spicy heirloom tomato relish and the giveaway winners

Spicy heirloom tomato relish

There's no better way to symbolize summer in a kitchen, than a bunch of colorful and mismatched heirloom tomatoes. They are vibrant with hot and radiant colors, it's as if the sun got absorbed into one big juicy ball of deliciousness. Whether eaten fresh or cooked their flavors are rich and as appealing as their looks. 

Beautiful Heirloom Tomatoes

These heirlooms turned out to be perfect in my spicy relish. I've been looking to create a hot relish for a while that would remind me of a good Indian pickle that would be hot and sour but mildly sweet. The cider and dash of brown sugar help to enhance the natural sweetness of the tomatoes and the heat of the chilies and spices. As with most Indian chutneys, pickles, and relishes, this tomato relish is fantastic with any meal.  Just a note of caution, whenever selecting tomatoes for canning, go with red or pale yellow tomatoes versus the greener ones as the greener varieties contain a toxic compound called solanin. Canning is a cooking process that concentrates flavors and compounds and using a large number of green tomatoes will increase the amount of solanin.  So please keep this in mind while preserving tomatoes by any concentration process.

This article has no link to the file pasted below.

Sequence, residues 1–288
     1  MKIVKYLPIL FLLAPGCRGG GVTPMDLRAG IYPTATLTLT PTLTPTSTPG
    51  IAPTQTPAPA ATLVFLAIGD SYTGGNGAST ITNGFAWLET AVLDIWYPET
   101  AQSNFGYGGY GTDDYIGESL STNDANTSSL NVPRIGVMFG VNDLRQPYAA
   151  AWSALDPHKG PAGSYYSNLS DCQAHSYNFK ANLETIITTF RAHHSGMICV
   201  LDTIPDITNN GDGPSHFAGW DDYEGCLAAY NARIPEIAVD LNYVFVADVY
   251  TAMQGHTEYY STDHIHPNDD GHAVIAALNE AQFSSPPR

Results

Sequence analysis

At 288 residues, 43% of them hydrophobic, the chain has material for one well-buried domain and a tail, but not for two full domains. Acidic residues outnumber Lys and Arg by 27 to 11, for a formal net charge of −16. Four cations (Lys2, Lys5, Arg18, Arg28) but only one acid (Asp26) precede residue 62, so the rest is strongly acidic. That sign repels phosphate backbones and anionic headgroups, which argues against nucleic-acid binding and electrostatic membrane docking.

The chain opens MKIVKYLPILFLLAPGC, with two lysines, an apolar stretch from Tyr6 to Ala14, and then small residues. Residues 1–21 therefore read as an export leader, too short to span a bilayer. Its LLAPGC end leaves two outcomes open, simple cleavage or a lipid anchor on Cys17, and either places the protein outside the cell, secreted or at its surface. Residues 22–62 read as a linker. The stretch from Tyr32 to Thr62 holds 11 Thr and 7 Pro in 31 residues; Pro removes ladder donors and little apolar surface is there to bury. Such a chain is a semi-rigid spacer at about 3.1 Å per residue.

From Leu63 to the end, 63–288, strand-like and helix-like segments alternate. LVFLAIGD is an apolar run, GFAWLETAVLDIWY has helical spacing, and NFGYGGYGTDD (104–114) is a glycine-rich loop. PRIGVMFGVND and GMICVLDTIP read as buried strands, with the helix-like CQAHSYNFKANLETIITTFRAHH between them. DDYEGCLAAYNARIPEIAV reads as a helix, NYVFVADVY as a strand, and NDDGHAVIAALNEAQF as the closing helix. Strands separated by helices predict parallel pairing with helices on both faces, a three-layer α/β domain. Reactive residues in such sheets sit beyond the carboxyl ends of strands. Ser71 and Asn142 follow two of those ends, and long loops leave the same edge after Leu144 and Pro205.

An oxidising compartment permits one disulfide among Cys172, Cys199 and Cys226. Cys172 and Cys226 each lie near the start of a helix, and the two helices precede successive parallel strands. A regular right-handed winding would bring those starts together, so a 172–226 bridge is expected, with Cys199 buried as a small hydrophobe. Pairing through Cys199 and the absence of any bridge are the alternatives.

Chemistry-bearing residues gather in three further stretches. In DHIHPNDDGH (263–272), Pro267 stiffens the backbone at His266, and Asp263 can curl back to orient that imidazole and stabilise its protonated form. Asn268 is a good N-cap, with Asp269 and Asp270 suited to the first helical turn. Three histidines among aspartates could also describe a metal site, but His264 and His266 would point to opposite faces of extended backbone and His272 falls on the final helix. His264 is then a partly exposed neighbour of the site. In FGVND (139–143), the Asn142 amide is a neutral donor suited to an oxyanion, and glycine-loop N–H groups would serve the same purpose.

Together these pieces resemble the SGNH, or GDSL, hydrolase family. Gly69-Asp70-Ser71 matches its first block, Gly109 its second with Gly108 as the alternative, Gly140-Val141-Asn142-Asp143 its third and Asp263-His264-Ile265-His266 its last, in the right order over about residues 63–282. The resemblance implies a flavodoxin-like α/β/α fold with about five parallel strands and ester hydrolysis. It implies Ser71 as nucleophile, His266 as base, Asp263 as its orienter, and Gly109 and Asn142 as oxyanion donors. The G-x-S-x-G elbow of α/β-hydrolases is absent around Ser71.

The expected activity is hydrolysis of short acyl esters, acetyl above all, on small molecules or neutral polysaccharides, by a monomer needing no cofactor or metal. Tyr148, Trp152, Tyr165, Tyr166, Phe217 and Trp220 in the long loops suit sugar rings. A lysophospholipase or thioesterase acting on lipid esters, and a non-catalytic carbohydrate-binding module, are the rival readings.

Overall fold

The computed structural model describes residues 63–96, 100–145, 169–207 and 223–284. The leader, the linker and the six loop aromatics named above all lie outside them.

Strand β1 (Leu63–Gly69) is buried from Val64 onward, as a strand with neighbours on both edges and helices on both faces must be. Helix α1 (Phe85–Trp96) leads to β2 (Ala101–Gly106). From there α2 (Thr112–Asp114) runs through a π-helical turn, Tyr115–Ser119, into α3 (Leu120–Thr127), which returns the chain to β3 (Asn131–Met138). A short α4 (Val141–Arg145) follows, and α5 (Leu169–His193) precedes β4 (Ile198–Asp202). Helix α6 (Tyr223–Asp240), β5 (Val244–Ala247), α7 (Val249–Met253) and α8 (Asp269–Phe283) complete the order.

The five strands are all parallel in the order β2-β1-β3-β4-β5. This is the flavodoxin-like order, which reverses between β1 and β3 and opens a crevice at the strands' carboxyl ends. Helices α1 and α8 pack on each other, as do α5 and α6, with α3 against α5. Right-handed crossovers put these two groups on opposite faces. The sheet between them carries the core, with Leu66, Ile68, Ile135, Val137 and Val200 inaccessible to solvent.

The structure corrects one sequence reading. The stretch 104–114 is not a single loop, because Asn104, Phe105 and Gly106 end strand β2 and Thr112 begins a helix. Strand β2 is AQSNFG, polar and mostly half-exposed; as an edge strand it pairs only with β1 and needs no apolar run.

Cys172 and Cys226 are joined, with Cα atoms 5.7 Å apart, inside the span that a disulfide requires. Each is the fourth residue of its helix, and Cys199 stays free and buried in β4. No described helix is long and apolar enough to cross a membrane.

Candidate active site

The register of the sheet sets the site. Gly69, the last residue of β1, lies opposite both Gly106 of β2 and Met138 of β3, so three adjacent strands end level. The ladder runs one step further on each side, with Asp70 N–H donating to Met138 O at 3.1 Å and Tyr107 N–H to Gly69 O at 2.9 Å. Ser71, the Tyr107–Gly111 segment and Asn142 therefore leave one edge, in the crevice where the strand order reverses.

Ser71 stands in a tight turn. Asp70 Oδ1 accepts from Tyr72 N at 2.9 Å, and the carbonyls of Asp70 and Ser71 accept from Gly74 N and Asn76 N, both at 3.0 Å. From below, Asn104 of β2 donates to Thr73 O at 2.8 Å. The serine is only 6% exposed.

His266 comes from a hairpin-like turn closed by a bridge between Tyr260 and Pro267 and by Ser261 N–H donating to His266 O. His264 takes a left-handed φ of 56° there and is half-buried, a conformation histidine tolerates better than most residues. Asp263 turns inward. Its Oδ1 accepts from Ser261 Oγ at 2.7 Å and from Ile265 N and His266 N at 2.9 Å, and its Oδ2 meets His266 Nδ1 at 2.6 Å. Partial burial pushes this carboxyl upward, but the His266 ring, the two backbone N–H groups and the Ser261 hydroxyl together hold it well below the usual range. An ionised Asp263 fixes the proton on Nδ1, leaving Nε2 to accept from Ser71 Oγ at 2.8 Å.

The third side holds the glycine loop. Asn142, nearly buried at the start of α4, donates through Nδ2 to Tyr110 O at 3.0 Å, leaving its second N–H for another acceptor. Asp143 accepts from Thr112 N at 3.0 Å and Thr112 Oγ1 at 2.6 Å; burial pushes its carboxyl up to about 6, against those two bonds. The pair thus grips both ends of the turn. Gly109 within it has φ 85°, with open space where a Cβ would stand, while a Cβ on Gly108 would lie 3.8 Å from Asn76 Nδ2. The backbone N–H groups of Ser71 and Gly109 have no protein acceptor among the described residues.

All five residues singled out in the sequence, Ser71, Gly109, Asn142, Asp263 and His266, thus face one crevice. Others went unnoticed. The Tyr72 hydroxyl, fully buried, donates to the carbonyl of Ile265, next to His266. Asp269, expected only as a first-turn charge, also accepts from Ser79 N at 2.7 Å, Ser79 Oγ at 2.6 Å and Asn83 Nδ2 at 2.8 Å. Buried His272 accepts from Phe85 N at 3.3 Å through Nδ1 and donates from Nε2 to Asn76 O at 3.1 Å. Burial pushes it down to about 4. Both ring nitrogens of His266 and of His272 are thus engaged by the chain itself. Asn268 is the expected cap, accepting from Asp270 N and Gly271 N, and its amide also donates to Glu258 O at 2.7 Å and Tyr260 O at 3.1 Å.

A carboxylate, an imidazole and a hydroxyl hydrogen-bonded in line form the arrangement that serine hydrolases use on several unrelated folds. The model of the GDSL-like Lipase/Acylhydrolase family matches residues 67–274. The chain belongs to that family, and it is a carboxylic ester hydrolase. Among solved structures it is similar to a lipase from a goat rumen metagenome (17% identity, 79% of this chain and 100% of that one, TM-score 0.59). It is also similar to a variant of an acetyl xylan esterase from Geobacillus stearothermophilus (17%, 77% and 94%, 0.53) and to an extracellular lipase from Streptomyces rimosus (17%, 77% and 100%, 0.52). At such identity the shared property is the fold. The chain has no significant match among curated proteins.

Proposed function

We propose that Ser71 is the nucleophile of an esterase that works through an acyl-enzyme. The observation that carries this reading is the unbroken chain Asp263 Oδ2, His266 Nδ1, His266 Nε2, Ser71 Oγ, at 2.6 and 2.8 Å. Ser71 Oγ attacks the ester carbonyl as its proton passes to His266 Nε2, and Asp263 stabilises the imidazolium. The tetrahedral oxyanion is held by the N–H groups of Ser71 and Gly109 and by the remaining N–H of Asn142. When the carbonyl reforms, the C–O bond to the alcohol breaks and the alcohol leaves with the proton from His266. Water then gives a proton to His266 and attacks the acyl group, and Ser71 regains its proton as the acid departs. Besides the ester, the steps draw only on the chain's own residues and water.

I could have peeled the tomatoes before cooking them but it just didn't feel right. I like the texture, it somehow makes the relish feel and taste even more "tomatoey" .If you want to get rid of the skin, then cut a cross or "X" mark at the bottom of each tomato, then dunk the tomatoes in a pot of boiling water for 20 seconds and transfer the tomatoes into an ice-bath. Let them cool and the skin will come off easily when you peel. 

Heirloom tomatoes

The Siggi's dairy giveaway is over and I chose the entries randomly using Rafflecopter on July 17, 2013. The five lucky people in no random order are...

1. Holly H.
2. Tiffany G.
3. Matt W., and
4. Jason B. 
5. Sarah M.

By now you should have received an email from me and will have 48 hours to respond or I will select another winner. Congratulations to all the winners and a big thank you to the kind folks at Siggi's Dairy for sponsoring this fun and delicious giveaway! and the giveaway winners

Hot and spicy tomato relish

spicy heirloom tomato relish

yields: approximately 2 quarts


10 lb heirloom tomatoes
2 cups vegetable oil (peanut)
1 tablespoon dried red chili flakes
1/2 teaspoon fennel seeds
1 teaspoon coriander seeds
1/4 teaspoon ground cumin
1/4 teaspoon turmeric
1 cup red onions, finely chopped
3 thai chili peppers
1 1/2 cups apple cider vinegar
1/2 cup brown sugar
kosher sea salt

1. Wash and wipe the tomatoes dry, remove the stalks if any and dice the tomatoes into large chunks. Discard any seeds. Keep the tomatoes aside.
2. In a coffee bean grinder, grind the chili flakes, fennel, coriander, and cumin to get a coarse powder. 
3. Heat the oil on a medium high flame in a large thick bottomed saucepan. As soon as the oil begins to smoke, add the ground spices and turmeric. Stir for 15 seconds and reduce the flame to a gentle simmer. If the spices begin to burn, discard the oil and begin again. 
4. Stir in the onions and cook for another 5 minutes. Trim the stalks off the chilies and slit them across their length. Add the chilies to the saucepan and cook for another 2 minutes with constant stirring.